Courier-Post Staff


Early in the morning of Oct. 22, 1777, Jonas Cattell raced the 10 miles from Haddonfield to the small American fort at Red Bank along the Delaware River.

Cattell, a young patriot, had spent the night before in the custody of Hessians preparing to attack the Red Bank garrison, Fort Mercer. When the German soldiers employed by the British army left Haddonfield about 4 a.m., Cattell bolted from the town to warn the Americans.

He arrived to find Col. Christopher Greene preparing the defenses at the small earthworks fort. Mercer was built on land owned by the Whitall family.

"The Americans knew an attack was coming, but they probably would not have been as prepared if he had not gotten there early," said Megan Giordano, curator for the Red Bank Battlefield museum.

Mercer was paired with Fort Mifflin on the other side of the Delaware River to prevent the British navy from moving up the river. The two forts overlooked a series of chevaux de friese, frameworks rigged with sharp iron stakes that were submerged. The spikes gashed the hulls of any large ships that attempted to pass.

Mercer itself was a pentagon-shaped structure of 9-foot high walls surrounded by a ditch and downed apple trees with branches sharpened. About 400 Americans from Rhode Island manned an area about a third the fort's original size. Much of the fort had been abandoned because there were too few men to defend it.

The British wanted to take forts Mifflin and Mercer to supply the British army occupying Philadelphia.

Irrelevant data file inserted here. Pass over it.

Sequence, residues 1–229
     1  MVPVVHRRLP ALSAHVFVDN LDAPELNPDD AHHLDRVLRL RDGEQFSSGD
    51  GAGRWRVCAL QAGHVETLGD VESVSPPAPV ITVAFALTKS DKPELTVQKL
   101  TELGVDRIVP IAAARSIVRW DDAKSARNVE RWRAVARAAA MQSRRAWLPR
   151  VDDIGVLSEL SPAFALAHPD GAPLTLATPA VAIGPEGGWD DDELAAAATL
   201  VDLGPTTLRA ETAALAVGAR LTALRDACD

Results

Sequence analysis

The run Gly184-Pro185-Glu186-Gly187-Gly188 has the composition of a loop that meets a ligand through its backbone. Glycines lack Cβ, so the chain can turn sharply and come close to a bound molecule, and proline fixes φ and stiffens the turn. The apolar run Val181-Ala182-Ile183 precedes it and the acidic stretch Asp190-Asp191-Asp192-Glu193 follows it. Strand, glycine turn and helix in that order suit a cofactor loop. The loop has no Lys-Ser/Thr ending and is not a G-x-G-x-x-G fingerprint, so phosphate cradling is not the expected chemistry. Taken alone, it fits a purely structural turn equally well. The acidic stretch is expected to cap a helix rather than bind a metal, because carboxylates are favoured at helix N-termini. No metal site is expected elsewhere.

They sent 1,200 to 2,500 Hessians, led by Count Carl Emil Kurt von Donop, to do the job. It turned out to be a disastrous engagement for the mercenaries. They took heavy fire from the Americans as they tried to clear the apple tree obstacles, or abatis. A group of Hessians charged the abandoned portion of the fort and once inside cheered, "Victoria!" thinking the Americans had fled. Instead, they found themselves staring up at an inner wall, behind which American troops fired down, slaughtering them.

The engagement lasted about 45 minutes before the Hessians retreated to Haddonfield.

Donop died three days later, a prisoner of the Americans.

Greene went on to command one of the first all-black regiments in America before dying in battle in 1781.

Cattell became the Steve Irwin of his day, gaining fame for wrestling animals and performing feats of strength.

The fort itself fell into British hands a month later. After withstanding a month-long siege, Pennsylvania's Fort Mifflin fell and the Americans abandoned Mercer shortly after.

James Whitall, the Quaker farmer whose land was used for the fort, was never pleased with the soldiers sequestered on his land. After the war, he submitted to the state legislature a bill for 5,760 pounds and 1 shilling, the cost of damage to his land. There is no record of reimbursement.

Reach Jason Laughlin at (856) 486-2476 or
Published: June 29. 2007 12:00AM -->